It’s a new dynamic we’ve settled into recently, but it’s really not some dire situation. This kid drama and periodic tension are just a part of traveling together and certainly worth it given the benefits this trip brings us. At least that was my attitude until the other day. That’s when I woke up early, headed out on my own to clear my head and had an ah-ha mama moment in the historic town center of Prague.
As I wandered along Prague Castle, past St. Vitus Cathedral, through the Royal Gardens and into the Strahov Monastary, I decided, very affirmatively, we can change this. Brian and I don’t have to accept the fact that our girls are going to drive us crazy. We embarked on this trip to find balance. That balance needs to include our kids’ interactions with each other and our interactions with them. There is a better way to handle this than using my recent catchphrase, “Turn it around, NOW” whenever they take a turn into negative town. We can change this dynamic! I know we can, I thought heroically. How? Hmmmmmm…. Now that was a question still rolling through my head hours later as I made my way to the Senate gardens.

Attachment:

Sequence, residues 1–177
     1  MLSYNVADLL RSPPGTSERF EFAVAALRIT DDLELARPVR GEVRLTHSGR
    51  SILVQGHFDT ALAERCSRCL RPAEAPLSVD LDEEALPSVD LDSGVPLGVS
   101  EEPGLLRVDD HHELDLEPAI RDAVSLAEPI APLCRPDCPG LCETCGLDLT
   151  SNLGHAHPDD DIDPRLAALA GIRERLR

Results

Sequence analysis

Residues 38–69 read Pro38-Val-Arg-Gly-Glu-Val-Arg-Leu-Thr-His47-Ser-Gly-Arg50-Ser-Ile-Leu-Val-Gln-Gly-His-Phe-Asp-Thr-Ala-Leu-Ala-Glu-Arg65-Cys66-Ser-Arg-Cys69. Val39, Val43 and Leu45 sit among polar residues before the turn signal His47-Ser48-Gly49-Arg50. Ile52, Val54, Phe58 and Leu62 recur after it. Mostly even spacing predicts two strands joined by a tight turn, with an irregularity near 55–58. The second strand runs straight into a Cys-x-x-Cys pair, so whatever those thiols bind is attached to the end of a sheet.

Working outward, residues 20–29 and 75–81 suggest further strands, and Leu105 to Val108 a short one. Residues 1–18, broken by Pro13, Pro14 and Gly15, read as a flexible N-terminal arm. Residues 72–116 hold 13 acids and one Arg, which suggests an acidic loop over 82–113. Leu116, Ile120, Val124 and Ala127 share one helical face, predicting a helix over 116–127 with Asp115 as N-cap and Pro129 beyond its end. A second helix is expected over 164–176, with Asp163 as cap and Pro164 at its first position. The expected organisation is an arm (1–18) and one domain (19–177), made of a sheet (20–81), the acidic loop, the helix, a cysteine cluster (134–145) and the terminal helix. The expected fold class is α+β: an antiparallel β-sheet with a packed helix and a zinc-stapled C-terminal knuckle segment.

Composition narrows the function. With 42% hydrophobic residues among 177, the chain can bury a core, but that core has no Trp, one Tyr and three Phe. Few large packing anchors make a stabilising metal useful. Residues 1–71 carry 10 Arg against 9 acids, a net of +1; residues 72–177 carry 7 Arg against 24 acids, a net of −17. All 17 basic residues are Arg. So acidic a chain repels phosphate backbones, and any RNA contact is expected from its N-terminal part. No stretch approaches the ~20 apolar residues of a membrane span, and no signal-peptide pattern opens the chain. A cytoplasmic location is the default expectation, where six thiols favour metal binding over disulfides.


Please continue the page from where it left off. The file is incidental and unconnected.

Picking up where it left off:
While there I watched an interesting situation unfold. The gardens apparently have several resident peacocks, and one of them had gotten into an area deemed by the female security guard to be an inappropriate locale for peafowl strolls. She began chasing the peacock around the bushes, which only served to get both of them very riled up and winded. When she started yelling at the poor confused thing and gathering a crowd of onlookers, I heard a little British boy ask his mom, “But Mummy? Why does the peacock have this big garden if he isn’t allowed to use it?” Exactly. If the guard doesn’t want them in the bushes, why have peacocks in the garden at all. The whole place is a bunch of well-groomed bushes, for pete’s sake!
So here comes the ah-ha moment. (Took a while, didn’t it?) Like a peacock being chased into a corner of its massive garden, why do kids have all these emotions if we never want them to use them? Brian and I have been essentially chasing the girls out of their bad moods. We’ve taken an almost “Be happy or else!” approach when it comes to the kid drama. And, not surprisingly, we’re getting the same results as the security guard chasing the peacock – they keep doing what they’re doing but they’re a little confused and they probably like us less.